Biotecture appears to be a sensible approach and the use of indigenous materials (given their pervasiveness, aluminum cans, bottles, and tires may also be considered inherent in a region's resources) is energy efficient. During the Public Works Administration era, public buildings were designed by regional architects and use of regional materials was mandatory. Recycling materials locally as building materials may be more cost effective than closed loop.

In 2003, 54 billion aluminum cans were recycled within a closed loop, saving energy equivalent to 15 million barrels of crude oil - America's entire gas consumption for one day. Since aluminum and glass are relatively inert, use as construction materials poses little health hazard. Using tires in construction may be problematic, since petrochemicals are integral to manufacturing this product, and these chemicals leach into the ground over a period of time. Fires occurring where scrapped tires are stored are extremely toxic and various state environmental agencies have focused on reducing scrap by recycling. Currently, 80% of scrapped tires are recycled as fuel to power cement kilns (and we will be discussing cement kilns), pulp and paper mills, power plants, waste-to-energy plants and industrial boilers.

While energy efficiency is critical and we want to explore working with rammed earth, ecomodista prefers a sleeker contemporary appearance. Reynolds has argued that the appearance and aesthetics of earthships should not be the issue, but there will be consumers demanding that ecological principles are merged with euro/american modernism. Reynold’s ethic is directed to those who want to build their own homes and become as self sustainable as possible, if not off the grid using easily available materials and technology. Reynolds is truly a pioneer, and has made important contributions to sustainable architecture, disseminating earthships globally.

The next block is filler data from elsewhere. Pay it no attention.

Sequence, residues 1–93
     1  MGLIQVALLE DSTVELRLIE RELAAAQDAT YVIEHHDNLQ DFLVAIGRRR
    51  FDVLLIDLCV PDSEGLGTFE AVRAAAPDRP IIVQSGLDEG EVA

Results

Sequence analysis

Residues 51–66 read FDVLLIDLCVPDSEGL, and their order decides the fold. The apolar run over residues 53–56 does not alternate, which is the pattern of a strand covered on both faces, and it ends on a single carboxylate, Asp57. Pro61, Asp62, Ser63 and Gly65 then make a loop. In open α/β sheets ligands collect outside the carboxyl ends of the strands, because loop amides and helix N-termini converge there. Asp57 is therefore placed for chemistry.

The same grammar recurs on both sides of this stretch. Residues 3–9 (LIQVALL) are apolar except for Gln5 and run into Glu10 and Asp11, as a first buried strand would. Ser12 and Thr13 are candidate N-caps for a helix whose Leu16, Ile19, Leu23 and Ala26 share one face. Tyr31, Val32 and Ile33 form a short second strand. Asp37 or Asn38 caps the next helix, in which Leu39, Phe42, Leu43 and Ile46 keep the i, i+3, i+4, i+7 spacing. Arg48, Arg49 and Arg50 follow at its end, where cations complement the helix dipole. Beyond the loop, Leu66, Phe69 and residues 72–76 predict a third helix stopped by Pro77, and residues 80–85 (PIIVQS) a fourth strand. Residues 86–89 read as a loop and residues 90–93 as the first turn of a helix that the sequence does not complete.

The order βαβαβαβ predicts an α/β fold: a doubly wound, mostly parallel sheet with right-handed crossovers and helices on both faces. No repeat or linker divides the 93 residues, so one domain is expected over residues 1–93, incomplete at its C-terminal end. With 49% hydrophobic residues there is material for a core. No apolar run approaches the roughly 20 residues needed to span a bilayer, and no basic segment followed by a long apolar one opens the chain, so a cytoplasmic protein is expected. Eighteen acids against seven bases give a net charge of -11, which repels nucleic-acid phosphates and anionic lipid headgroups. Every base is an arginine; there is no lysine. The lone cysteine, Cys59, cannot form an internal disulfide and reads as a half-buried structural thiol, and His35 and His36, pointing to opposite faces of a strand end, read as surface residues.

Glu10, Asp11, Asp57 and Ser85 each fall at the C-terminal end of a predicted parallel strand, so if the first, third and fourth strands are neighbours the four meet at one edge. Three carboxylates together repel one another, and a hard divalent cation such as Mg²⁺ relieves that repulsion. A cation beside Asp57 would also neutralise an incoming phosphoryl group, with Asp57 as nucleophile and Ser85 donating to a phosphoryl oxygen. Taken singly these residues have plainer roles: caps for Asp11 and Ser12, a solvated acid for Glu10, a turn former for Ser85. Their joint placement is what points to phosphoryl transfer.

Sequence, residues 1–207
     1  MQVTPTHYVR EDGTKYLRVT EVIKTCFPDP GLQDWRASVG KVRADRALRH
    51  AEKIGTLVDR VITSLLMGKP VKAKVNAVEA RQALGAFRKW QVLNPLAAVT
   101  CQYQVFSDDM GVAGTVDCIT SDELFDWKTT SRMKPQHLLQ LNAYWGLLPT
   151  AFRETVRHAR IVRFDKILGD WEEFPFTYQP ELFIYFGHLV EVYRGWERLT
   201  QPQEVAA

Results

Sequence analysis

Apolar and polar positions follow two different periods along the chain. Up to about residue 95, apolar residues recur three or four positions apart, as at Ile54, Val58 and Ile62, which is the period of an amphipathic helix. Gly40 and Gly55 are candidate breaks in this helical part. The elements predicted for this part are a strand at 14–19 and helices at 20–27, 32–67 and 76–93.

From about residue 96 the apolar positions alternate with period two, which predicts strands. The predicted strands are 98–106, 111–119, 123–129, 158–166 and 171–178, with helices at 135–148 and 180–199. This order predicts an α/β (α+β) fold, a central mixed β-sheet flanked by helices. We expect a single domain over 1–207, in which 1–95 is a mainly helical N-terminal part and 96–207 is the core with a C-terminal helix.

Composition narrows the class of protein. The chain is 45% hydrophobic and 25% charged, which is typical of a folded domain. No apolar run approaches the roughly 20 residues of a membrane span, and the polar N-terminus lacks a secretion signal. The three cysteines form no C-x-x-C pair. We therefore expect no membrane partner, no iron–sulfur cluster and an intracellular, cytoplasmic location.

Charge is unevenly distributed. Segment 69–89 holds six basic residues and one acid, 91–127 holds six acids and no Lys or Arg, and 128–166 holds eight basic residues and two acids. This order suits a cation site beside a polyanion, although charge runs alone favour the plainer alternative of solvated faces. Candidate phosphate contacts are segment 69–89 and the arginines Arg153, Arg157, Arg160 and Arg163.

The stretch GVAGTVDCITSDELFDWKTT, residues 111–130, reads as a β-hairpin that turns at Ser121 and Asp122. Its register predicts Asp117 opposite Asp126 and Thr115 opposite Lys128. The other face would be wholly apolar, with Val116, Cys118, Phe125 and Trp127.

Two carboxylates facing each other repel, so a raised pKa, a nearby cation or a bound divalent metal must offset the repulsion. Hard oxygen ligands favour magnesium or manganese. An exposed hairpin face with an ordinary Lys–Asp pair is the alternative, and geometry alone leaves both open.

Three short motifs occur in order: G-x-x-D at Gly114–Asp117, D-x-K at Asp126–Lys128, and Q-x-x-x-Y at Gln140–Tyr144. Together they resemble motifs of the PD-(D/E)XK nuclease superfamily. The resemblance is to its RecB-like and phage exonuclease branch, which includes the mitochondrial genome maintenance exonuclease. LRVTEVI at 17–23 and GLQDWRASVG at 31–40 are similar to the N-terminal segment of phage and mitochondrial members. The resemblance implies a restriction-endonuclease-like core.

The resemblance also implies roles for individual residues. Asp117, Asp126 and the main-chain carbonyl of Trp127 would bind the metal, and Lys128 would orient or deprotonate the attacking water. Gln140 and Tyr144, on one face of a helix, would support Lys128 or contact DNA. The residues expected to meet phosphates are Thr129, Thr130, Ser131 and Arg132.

Adobe and rammed earth are inert and easily replenished building materials composed of granite and caliche (calcium carbonate or decomposed limestone soil). Frank Lloyd Wright’s textile block houses in Los Angeles utilize site specific soil to manufacture the blocks, to harmonize with the natural landscape. Lime, portland cement, and pozzolana ( originally volcanic ash mortar) are used to modify clay soil, the most effective being lime which is often used in conjunction with portland cement. Lime is inexpensive, but workers must wear respirators to avoid pulmonary damage from lime or cement dust. Since 9/11, OSHA has a poor record enforcing existing regulations regarding such exposure, at least in New York City. Cement is relatively inexpensive, but has massive energy requirements during production, however, cement produces the strongest bond. Adobe and rammed earth with minimal cement additives have low embodied energy (the energy consumed by all of the processes associated with the production of a material, from the acquisition of natural resources to product delivery) and less impact than concrete and lumber products.

The environmental impact of cement kilns is massive, which is unmitigated at last investigation. As of 2005, Potential environmental impact of mercury emissions from Portland cement kilns by R.O. Richter & P.J. Sheehan found, "The reduction of mercury (Hg) releases to the environment, particularly airborne mercury emissions, is currently a major focus of both US state and federal regulatory agencies. While mercury emissions from hazardous waste incinerators and fossil-fuel power plants have been and continue to be regulated under the Resource Conservation and Recovery Act (RCRA) and the Clean Air Act (CAA), non-hazardous waste cement kilns are currently excluded from regularly controls."